One of the subjects discussed in this week’s Torah portion is the punishment for involuntary manslaughter, which is banishment to a city of refuge.
You shall designate cities for yourselves… and a murderer shall flee there one who takes a life unintentionally. (Numbers 35:11)
For example, if an axe head slips out of its handle (while chopping) and kills someone, the chopper/killer must quickly escape to one of the three cities of refuge in Israel; his safety is only assured when he gets there. Until then one of the relatives of the dead person might seek revenge and kill him. In short, the unintentional killer’s life has been turned over and now finds himself in exile. One might ask, being as this was only an accident, does the wood chopper deserve to have his life ruined?
The answer gives us a Jewish perspective in how precious human life is. When one places value on something, (s)he will do anything to insure its existence. Many people hang art in their homes and obviously don’t want any damage to come to it. They take necessary precautions by keeping doors locked and having the correct temperature and humidity balance, but if armed gunmen broke in to the house, the art would be lost. The owner would feel bad at the loss, collect insurance, and move on. However, if the preservation of the art was critical for them, they would have taken precautions to insure that even an armed gunman could not have touched that art.
The original copy of the Declaration of Independence is stored at the National Archives with the Constitution and Bill of Rights in cases made of glass and titanium. The air is removed from the cases and replaced with argon and water vapor. The relative humidity inside the cases is kept at 40 percent to keep the sheepskin parchment that the documents are written on from drying out. The argon gas is used because oxygen in air can cause damage to the material from oxidation. Due to its importance, measures have been taken to insure that neither human nor nature can destroy the Declaration of Independence. We see that the litmus test of the degree of importance we place on something is the level of protection we are willing to do in order to insure its existence.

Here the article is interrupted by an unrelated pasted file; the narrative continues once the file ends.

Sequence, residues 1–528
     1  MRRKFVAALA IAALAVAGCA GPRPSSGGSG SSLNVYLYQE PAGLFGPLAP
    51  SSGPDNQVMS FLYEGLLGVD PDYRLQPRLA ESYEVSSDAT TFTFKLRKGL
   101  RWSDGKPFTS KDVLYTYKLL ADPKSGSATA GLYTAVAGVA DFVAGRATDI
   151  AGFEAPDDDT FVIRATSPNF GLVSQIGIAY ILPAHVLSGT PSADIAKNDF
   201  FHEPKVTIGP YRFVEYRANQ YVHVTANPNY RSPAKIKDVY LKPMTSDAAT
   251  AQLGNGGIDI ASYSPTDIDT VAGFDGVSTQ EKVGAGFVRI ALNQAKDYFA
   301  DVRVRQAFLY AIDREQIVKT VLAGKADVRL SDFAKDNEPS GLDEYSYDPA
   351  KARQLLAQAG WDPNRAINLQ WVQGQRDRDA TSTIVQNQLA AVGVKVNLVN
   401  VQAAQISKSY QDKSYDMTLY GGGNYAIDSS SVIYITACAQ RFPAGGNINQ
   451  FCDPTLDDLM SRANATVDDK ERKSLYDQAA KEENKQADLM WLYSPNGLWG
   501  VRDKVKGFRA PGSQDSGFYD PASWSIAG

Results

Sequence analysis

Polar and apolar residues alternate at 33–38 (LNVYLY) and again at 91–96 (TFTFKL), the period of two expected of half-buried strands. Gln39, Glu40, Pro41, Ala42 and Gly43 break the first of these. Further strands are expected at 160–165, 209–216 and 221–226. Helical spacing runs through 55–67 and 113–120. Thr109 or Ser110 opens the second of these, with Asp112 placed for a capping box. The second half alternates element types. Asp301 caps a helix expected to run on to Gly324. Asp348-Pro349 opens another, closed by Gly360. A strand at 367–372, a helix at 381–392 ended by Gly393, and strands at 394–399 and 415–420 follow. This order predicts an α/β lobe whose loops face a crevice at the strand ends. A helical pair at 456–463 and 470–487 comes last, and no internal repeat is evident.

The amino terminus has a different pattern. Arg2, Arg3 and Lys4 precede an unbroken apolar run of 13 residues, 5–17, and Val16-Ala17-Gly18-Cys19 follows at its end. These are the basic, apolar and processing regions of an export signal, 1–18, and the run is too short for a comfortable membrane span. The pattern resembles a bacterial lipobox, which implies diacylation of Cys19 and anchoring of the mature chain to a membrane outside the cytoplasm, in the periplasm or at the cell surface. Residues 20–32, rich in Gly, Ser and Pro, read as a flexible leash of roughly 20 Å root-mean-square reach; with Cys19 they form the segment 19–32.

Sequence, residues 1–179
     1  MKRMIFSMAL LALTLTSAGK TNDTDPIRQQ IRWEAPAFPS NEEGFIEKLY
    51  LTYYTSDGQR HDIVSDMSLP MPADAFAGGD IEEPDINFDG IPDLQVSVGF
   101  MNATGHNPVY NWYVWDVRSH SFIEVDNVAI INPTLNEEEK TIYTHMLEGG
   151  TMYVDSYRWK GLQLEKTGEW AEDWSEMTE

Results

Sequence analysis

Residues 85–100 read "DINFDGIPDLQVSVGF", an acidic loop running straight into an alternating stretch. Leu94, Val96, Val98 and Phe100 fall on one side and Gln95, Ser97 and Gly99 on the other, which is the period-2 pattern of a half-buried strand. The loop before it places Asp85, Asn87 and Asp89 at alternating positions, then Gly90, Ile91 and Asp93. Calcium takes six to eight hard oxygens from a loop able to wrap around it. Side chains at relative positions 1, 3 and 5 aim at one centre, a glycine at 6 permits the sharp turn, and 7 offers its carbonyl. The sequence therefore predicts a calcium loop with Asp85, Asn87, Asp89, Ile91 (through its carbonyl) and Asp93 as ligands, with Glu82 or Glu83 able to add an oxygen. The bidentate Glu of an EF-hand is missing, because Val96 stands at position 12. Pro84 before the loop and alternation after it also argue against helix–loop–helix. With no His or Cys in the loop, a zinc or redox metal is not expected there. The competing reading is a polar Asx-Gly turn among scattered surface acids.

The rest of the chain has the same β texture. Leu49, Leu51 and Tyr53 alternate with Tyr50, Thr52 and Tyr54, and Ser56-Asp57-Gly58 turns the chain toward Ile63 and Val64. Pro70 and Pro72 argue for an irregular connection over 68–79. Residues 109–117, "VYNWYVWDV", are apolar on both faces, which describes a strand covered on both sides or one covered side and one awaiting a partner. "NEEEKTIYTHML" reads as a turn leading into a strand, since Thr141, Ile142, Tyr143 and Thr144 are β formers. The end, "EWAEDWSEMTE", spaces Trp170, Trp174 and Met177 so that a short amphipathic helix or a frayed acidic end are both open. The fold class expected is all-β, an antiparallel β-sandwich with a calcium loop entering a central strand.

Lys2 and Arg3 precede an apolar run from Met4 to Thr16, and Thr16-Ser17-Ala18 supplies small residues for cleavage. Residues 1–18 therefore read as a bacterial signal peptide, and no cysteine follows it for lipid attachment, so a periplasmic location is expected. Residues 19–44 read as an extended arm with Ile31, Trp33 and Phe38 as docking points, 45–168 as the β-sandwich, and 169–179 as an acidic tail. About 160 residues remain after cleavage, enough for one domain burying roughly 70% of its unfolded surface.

The Torah deals harshly with the unintentional man slaughterer because it wants to teach us the value of human life. Granted, the axe head accidently slipped off and the one chopping should be held accountable for the innocent fluke, but if the person really valued human life he would have taken greater precautions. He should have realized that there were people in the vicinity and checked it before use. The fact that he didn’t indicates that, in a certain way, he is callous, about human life.
There are approximately 64 million flights annually in America and fortunately there are few accidents each year. That means that the odds of an accident are literally one in millions, but that doesn’t stop the FAA from making numerous regulations for every flight. Regular precautions simply aren’t enough; they want to really be sure that nothing will happen. Odds don’t dictate their policies, attitude toward loss does.
One obvious lesson from this topic is that the Torah places great value on human life. On a personal level there’s another message: look at your life and see what you’re protecting. There are multimillionaires whose biggest fear is that they will lose their money and spend much of their life attempting to insure that it won’t happen. Others are concerned with honor and will do anything to maintain it-even if it means distancing family and friends or perhaps giving up a great opportunity because they’re scared they might look foolish. Some (more noble) people will do anything to preserve their family, even if it means giving up a job promotion or relocating to a seeming better place. They will do anything to insure that their family relationship remains the highest priority. The examples are endless but all of us have things we fiercely protect; sometimes even beyond the realms of appears to be logic.
Try this exercise: name two things you would do anything to protect (it’s private; no one but you has to know the answer). Your answer will make you aware of what’s truly important in your life and consequently on where you are holding as a person.
The above exercise gives us a bearing of where we are as individuals, but we must ask the same question as Jews: is there anything Jewish we are willing to protect? Would we agree to speak loshon hara (derogatory speech) on a coworker if it would advance our career even though it might ruin hers? Would one willing to enter a relationship-business or personal-with someone who might compromise his/her life as a Jew? If protecting our Judaism isn’t on the protection list it means it isn’t very important to us. When something isn’t protected, it eventually is lost or taken away. Every Jew must ask: if Judaism is lost to me and family, do I care? What am I doing to truly protect-insure-that I/we won’t lose it? As Jews we must these questions, even though the answers might be difficult.
What’s on your list? What are you protecting?